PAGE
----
o   the reader cannot be ignored; readers do not passively read

o   the text isn’t an object, but rather an event that occurs with the reader

o   important theorists: Stanley Fish, Wolfgang Iser, and Roland Barthes

  • ·         Individualists: focus on each individual reader’s response

o   The reader drives the experience

o   A common literary experience comes from shared techniques for reading/interpreting a text which readers use individually.

o   reader active: the reader controls the whole experience

o   ex. Stanley Fish (social reader-response theory)

§  our interpretations come from our interpretative community, with whom we share the interpretive strategies we bring to texts

·         interpretative communities evolve over time

  • ·         Uniformists: assume a generally uniform response from all readers (implied reader)

o   The text drives the experience

o   Common responses come from the text itself, not from reading techniques

o   bi-active: the text controls part of the interpretation and the reader controls part

o   ex. Wolfgang Iser

  • ·         You could also argue that all criticism that analyzes either the act of reading or the readers’ responses can be classified under this heading.

o   e.g., feminist criticism, structuralist criticism

Evaluation: The huge benefit of the historical-critical method as it began to develop in the 17th-19th centuries was that it was distinct from the traditional, devotional approach to biblical interpretation. Yet historical criticism itself was rooted in the Protestant Reformation, yet does not acknowledge that connection. It claims to be objective, arguing that we can recover the objective historical reality. With reader-response theory, the reader/interpreter is not glossed over as if s/he has no effect on the text, but rather is accorded agency in the texts interpretation. This allows for the reader/interpreter to be aware of their own bias, and make such bias clear to their own reader/interpreters.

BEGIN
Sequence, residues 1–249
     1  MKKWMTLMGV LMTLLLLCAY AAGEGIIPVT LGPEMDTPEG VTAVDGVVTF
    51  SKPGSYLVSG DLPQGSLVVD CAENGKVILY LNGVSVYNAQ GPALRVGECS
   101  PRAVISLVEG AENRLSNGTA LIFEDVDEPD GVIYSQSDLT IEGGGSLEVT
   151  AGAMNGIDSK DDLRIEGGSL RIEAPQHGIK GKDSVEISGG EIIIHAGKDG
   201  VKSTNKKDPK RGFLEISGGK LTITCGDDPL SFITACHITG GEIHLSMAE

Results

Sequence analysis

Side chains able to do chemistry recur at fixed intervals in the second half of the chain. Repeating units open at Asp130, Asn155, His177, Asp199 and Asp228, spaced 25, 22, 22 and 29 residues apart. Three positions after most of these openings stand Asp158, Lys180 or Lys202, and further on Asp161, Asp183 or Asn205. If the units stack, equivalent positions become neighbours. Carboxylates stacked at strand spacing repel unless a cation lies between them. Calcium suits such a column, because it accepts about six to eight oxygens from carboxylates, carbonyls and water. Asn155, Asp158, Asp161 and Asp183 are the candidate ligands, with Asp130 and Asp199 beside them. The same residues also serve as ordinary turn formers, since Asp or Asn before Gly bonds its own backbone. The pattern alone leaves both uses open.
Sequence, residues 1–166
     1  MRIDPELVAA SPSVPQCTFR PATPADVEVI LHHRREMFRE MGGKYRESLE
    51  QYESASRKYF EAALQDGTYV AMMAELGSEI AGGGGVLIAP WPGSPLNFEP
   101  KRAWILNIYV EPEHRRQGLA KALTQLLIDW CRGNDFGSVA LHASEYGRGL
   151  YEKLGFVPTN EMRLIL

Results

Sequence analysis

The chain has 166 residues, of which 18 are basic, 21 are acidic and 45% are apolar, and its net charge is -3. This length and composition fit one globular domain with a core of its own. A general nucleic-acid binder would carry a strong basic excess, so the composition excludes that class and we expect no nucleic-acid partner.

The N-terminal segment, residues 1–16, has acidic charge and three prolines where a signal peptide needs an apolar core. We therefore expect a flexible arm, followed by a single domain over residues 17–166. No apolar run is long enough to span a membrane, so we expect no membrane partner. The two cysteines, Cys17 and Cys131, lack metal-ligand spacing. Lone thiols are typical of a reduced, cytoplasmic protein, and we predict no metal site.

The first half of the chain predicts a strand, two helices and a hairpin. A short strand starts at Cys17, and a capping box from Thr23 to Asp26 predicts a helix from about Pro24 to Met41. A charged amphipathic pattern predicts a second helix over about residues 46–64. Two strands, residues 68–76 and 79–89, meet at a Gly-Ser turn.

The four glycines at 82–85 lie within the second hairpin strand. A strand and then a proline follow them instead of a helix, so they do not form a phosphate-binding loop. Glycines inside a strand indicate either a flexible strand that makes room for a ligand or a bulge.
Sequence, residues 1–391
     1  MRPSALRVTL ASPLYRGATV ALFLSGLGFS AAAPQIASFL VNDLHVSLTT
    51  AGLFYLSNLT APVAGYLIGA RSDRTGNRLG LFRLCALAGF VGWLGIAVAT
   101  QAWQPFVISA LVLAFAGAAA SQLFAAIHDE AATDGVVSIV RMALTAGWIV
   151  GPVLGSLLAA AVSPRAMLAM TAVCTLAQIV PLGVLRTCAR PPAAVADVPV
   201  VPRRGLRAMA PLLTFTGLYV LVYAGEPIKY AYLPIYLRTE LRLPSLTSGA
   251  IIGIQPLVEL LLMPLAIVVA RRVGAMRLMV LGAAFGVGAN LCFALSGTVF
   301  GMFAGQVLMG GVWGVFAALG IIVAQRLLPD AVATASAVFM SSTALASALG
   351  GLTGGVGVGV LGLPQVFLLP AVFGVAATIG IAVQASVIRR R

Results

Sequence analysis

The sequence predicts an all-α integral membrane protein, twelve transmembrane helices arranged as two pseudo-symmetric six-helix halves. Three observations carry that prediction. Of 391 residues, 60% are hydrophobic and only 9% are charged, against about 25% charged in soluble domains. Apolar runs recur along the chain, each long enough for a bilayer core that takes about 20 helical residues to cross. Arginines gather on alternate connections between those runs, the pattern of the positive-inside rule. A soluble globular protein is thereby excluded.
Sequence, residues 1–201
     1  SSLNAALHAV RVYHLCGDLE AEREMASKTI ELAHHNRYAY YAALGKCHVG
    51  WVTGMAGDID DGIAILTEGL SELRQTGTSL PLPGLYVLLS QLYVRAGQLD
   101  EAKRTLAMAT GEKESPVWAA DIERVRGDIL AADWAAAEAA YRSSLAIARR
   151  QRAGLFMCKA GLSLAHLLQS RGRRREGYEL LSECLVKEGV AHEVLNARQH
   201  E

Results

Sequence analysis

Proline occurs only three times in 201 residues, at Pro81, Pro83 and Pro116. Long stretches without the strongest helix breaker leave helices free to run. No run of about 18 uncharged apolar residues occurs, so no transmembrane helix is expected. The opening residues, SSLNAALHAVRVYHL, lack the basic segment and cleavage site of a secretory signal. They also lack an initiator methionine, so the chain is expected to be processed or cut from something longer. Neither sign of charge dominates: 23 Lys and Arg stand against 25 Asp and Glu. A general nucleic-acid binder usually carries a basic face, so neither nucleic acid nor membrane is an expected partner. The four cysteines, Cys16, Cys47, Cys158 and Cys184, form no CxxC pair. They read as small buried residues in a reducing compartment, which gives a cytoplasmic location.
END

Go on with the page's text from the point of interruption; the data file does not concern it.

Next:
As for the critiques of historical criticism about the uniqueness of historical events and the objectively verifiable meaning of an event, they are of no concern in reader-response criticism. Historical events are unique and are interpreted uniquely. However, the uniformist side of reader-response would argue that events are interpreted generally uniformly. And for all reader-response critics, there is no objectively verifiably meaning of an event, for the reader is an active participant in creating meaning for all texts.

However, reader-response theory tends to ignore the historical situation from which the text comes. Even when we try to use reader-response criticism to see how the interpretive community of the original audience would have read the text, we are limited by the non-historical aspect of reader-response. We would need to do some amount of historical work to be able to make claims about the interpretations of the community.